The APWF organized the 5th and 6th APWF webinar, in collaboration with the ADB and the Organisation for Economic Co-operation and Development (OECD), to introduce the overview of the Asian Water Development Outlook (AWDO) 2020, especially with regards to financing water security and governance, which are two main themes of AWDO 2020.
Overview: Asian Water Development Outlook (AWDO) 2020
The Asian Development Bank and Asia-Pacific Water Forum released AWDO 2020 on 18 December 2020. AWDO 2020 provides a comprehensive national analysis of water security across Asia and the Pacific based on the five key dimensions of: 1- Rural Water Security, 2 – Economic Water Security, 3 – Urban Water Security, 4 – Environmental Water Security, and 5 – Water-Related Disaster Water Security. It measures the availability of safe and affordable water supply, sanitation for all, improved livelihoods, and healthy ecosystems, with reduced water-related diseases and floods. The AWDO 2020 also digs into water governance and financing, and how the AWDO framework is being applied in developing water policies in the region.
Overview of the outcomes of the 5th APWF webinar
|Date & Time: 22nd December 2020 15:00-16:00 (Japan Time)
Topic: AWDO 2020 and Financing Water Security and the SDGs in Asia and the Pacific
Speakers: Dr. Tom Panella, Chief-Water Sector Group, Asian Development Bank, and Dr. Xavier Leflaive Team Leader, Resilience, Adaptation and Water, Environment Directorate, Organisation for Economic Co-operation and Development (OECD)
The 5th APWF webinar, which was organized on 22nd December 2020, opened with presentations by Dr. Thomas Panella, Chief, Water Sector of the ADB, and Dr. Xavier Leflaive Team Leader, Resilience, Adaptation and Water, OECD Environment Directorate. Dr. Panella, ADB, firstly provided an overview of the findings and recommendations of the AWDO 2020 report. Dr. Leflaive, OECD, presented the research outcomes about financing water security for sustainable growth in Asia and the Pacific. He introduced the outcomes of quantitative analysis regarding financing flows, financing needs, and financing capacities in Asia and the Pacific in terms of water supply and sanitation, flood protection, and irrigation infrastructure.
Dr. Leflaive presented the total annual estimated investment required over 2015-2030 to achieve universal access to safely managed water supply and sanitation services in Asia and the Pacific, which amounts to $198 billion per year. Most countries will need to allocate between 1 and 2% of GDP to invest in water supply and sanitation over the period 2015-2030 to achieve this goal.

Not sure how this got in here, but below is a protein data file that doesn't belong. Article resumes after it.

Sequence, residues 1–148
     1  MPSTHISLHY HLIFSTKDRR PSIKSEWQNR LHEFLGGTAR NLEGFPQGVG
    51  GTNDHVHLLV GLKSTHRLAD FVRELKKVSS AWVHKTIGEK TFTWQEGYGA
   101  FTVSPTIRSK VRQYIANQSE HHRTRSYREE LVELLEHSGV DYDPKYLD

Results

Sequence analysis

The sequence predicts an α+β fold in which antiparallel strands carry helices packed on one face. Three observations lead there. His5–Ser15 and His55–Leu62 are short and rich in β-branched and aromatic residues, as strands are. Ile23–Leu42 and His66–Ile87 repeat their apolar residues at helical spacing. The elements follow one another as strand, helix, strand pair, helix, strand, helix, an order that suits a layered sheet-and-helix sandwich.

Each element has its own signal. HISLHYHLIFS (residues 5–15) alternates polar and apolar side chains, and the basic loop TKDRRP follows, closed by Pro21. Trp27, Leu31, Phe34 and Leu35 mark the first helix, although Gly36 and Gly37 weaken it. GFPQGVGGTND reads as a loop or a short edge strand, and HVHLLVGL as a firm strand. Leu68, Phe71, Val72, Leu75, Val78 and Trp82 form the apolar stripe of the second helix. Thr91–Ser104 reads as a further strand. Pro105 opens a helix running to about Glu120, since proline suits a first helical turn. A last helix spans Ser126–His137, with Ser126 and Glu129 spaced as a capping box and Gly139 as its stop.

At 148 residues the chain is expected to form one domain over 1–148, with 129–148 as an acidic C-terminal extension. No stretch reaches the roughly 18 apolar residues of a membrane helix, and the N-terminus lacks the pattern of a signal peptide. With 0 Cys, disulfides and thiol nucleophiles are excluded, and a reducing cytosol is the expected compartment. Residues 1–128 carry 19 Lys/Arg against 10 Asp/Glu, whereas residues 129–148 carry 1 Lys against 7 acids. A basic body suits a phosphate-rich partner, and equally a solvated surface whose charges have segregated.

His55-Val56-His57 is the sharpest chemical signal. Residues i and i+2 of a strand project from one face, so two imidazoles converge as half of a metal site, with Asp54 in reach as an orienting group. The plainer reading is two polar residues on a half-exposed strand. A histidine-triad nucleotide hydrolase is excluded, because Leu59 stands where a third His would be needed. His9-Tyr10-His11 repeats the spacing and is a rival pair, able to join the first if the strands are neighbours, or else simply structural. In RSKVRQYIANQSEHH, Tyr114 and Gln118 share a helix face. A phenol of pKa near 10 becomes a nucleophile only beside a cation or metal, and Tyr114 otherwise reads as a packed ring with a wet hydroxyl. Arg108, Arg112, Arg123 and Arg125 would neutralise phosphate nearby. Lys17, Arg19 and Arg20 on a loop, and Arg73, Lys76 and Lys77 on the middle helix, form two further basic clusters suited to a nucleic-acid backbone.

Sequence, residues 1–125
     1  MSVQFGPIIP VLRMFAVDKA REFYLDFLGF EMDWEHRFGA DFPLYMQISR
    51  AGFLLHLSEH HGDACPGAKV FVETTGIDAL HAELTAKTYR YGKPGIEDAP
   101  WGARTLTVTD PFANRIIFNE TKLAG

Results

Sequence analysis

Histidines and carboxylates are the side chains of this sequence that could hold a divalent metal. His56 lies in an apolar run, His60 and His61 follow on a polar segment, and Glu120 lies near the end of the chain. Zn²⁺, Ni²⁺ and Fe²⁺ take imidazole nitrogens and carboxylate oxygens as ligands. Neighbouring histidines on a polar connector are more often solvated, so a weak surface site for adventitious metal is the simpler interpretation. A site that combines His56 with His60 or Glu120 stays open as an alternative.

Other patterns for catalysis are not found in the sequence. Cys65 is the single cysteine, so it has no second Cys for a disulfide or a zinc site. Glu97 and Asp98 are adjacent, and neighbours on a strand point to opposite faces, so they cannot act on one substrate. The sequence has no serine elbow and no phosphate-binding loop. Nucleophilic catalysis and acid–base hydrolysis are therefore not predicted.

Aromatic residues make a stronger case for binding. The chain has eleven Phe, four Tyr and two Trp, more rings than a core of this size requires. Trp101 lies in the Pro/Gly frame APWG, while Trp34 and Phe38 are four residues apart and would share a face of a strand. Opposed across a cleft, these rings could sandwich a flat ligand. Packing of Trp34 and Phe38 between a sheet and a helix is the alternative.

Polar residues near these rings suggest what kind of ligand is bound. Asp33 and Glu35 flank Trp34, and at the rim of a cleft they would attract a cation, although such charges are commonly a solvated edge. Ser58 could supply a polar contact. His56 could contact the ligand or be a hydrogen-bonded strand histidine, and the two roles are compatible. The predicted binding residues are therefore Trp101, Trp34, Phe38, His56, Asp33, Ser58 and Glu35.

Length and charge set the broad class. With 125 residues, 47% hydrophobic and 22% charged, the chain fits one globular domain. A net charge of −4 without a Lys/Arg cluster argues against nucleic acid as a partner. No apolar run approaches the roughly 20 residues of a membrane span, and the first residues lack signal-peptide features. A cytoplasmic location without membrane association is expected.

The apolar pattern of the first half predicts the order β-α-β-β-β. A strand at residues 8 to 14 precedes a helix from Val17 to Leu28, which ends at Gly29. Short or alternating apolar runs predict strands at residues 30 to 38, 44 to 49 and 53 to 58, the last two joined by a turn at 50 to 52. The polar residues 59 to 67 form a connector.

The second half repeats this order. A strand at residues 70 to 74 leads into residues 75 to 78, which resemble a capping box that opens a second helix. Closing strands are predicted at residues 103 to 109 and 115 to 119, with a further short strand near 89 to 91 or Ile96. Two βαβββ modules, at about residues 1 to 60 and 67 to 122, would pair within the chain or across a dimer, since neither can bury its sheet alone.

Dr. Leflaive pointed out that Official Development Assistance (ODA) remains a comparatively small share of finance in water infrastructure and it may not be targeted towards those countries that need it most. In addition, water supply and sanitation tariffs are under-utilized.
In terms of the policy recommendations stemming from the analysis, Dr. Leflaive highlighted the fact that it is not just about injecting more money. It is also necessary to implement the following finance policy priorities towards achieving water security:
- Make the best use of available assets and financial resources and enhance the operational efficiency of service providers.
- Avoid building future liabilities by encouraging policy coherence across water and other policy domains; and manage water demand and strengthen water resources allocation.
- Improve tools to plan and decide on investments and financing mechanisms, through supporting plans with realistic financing strategies.
- Harness additional sources of finance, by leveraging development finance and public funds to crowd-in commercial finance.
- Consider new sources of finance from polluters and beneficiaries,
The panel discussion centered on the relevance of recommendations for good governance and mobilizing water financing. Dr. Leflaive pointed out that governance contributes to efficiency, effectiveness, and trust, and these three conditions will assist to secure robust and stable financial flows for water security. Enhancing trust with regards to the decision-making process on water policies and investment will also contribute to improvement of water security by multi-stakeholders.
The presentation document and the recording of the 5th APWF webinar is available from the APWF homepage.
The overview of the outcomes of the 6th APWF webinar
|Date and Time: 21st January 2021 17:00-18:00 (Japan Time) Topic: water governance in Asia and the Pacific: lessons learnt from AWDO 2020 Speakers: Dr. Tom Panella, Chief-Water Sector Group, Asian Development Bank, and Dr. Maria Salvetti, Water Policy Analyst, Organisation for Economic Co-operation and Development (OECD)